Potential protein activity modifications of amino acid variants in the human transcriptome.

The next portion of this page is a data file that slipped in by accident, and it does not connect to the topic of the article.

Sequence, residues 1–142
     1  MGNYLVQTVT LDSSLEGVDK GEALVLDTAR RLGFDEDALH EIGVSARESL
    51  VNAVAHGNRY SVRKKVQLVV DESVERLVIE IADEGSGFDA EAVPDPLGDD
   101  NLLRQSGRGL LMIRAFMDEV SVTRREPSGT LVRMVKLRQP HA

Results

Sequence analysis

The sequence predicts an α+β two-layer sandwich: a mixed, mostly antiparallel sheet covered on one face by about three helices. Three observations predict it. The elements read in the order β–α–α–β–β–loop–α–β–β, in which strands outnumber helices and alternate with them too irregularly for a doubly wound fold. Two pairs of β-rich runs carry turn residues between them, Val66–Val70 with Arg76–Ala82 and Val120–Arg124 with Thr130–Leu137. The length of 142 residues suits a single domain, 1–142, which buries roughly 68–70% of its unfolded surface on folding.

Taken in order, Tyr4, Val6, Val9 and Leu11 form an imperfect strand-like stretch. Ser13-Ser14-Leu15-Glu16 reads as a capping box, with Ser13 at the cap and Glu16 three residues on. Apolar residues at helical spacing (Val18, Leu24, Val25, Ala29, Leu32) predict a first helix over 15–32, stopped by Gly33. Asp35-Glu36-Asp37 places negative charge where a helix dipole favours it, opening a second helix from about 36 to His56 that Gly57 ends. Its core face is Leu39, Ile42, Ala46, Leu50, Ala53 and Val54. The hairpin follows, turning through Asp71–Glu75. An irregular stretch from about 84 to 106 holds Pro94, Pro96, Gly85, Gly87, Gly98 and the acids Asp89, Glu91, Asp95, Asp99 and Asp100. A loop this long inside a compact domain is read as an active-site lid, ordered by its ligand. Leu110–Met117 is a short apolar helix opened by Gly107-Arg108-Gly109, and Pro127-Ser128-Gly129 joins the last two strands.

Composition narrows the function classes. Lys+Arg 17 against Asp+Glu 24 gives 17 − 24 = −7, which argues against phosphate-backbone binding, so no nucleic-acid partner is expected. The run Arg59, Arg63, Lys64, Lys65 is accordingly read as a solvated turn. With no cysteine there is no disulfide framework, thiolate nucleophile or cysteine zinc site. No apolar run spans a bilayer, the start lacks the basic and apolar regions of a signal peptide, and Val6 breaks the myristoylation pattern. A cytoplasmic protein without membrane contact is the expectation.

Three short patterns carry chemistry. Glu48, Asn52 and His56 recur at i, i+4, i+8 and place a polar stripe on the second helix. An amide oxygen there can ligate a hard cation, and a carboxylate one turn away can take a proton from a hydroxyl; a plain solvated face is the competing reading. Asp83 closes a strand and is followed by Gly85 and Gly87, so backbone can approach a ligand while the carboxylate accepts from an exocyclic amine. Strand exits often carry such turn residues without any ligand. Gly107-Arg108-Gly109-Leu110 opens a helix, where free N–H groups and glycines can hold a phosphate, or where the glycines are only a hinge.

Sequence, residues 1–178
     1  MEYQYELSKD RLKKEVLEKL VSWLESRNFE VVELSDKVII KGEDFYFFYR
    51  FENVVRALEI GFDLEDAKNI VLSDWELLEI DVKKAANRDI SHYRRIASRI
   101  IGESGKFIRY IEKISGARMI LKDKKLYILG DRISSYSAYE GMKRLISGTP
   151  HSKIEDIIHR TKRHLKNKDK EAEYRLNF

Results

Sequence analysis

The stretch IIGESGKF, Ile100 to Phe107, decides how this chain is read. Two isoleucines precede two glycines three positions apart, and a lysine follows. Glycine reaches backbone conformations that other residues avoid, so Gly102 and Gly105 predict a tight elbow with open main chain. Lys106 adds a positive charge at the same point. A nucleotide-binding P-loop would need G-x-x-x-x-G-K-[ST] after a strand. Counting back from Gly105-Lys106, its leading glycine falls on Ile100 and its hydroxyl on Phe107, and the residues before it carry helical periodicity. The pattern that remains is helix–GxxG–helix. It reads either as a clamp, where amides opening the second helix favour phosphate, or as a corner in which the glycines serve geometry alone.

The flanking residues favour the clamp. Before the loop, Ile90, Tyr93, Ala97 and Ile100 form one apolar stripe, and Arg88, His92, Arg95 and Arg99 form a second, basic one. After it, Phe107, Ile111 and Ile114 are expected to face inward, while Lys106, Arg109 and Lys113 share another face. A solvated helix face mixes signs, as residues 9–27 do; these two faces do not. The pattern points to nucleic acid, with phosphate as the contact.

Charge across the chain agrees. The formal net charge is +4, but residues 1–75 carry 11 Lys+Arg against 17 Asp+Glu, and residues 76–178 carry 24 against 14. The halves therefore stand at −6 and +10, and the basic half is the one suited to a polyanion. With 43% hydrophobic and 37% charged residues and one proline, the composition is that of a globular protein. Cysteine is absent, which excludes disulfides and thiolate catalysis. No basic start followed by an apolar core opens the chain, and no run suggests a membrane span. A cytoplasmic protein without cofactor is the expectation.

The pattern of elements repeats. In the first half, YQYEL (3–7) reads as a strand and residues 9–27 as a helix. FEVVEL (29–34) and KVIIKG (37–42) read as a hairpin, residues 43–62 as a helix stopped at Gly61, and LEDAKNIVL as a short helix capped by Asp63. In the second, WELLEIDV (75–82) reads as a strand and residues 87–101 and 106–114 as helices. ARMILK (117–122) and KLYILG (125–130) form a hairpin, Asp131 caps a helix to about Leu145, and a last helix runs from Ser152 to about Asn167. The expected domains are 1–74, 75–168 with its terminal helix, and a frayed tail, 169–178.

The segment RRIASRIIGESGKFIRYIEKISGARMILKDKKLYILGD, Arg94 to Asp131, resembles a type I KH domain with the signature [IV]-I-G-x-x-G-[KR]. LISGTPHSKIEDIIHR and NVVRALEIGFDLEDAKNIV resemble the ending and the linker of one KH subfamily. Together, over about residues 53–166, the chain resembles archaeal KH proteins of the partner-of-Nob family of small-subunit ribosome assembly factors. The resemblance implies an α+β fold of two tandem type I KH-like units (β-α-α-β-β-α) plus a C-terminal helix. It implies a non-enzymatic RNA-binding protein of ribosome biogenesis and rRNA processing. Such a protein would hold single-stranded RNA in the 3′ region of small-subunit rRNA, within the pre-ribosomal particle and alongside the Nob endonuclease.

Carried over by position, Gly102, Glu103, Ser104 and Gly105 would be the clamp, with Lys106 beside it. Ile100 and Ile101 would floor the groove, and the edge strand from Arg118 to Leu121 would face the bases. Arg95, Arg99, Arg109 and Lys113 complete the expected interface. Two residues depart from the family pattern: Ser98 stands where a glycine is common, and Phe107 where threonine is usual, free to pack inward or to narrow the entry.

AbstractThe occurrence of widespread RNA and DNA sequence differences in the human transcriptome was reported in 2011. Similar findings were described in a second independent publication on personal omics profiling investigating the occurrence of dynamic molecular and related medical phenotypes. The suggestion that the RNA sequence variation was likely to affect disease susceptibility prompted us to investigate with a range of algorithms the amino acid variants reported to be present in the identified peptides to determine if they might be disease-causing. The predictive qualities of the different algorithms were first evaluated by using nonsynonymous single-base nucleotide polymorphism (nsSNP) datasets, using independently established data on amino acid variants in several proteins as well as data obtained by mutational mapping and modelling of binding sites in the human serotonin transporter protein (hSERT). Validation of the used predictive algorithms was at a 75% level. Using the same algorithms, we found that widespread RNA and DNA sequence differences were predicted to impair the function of the peptides in over 57% of cases. Our findings suggest that a proportion of edited RNAs which serve as templates for protein synthesis is likely to modify protein function, possibly as an adaptive survival mechanism in response to environmental modifications.
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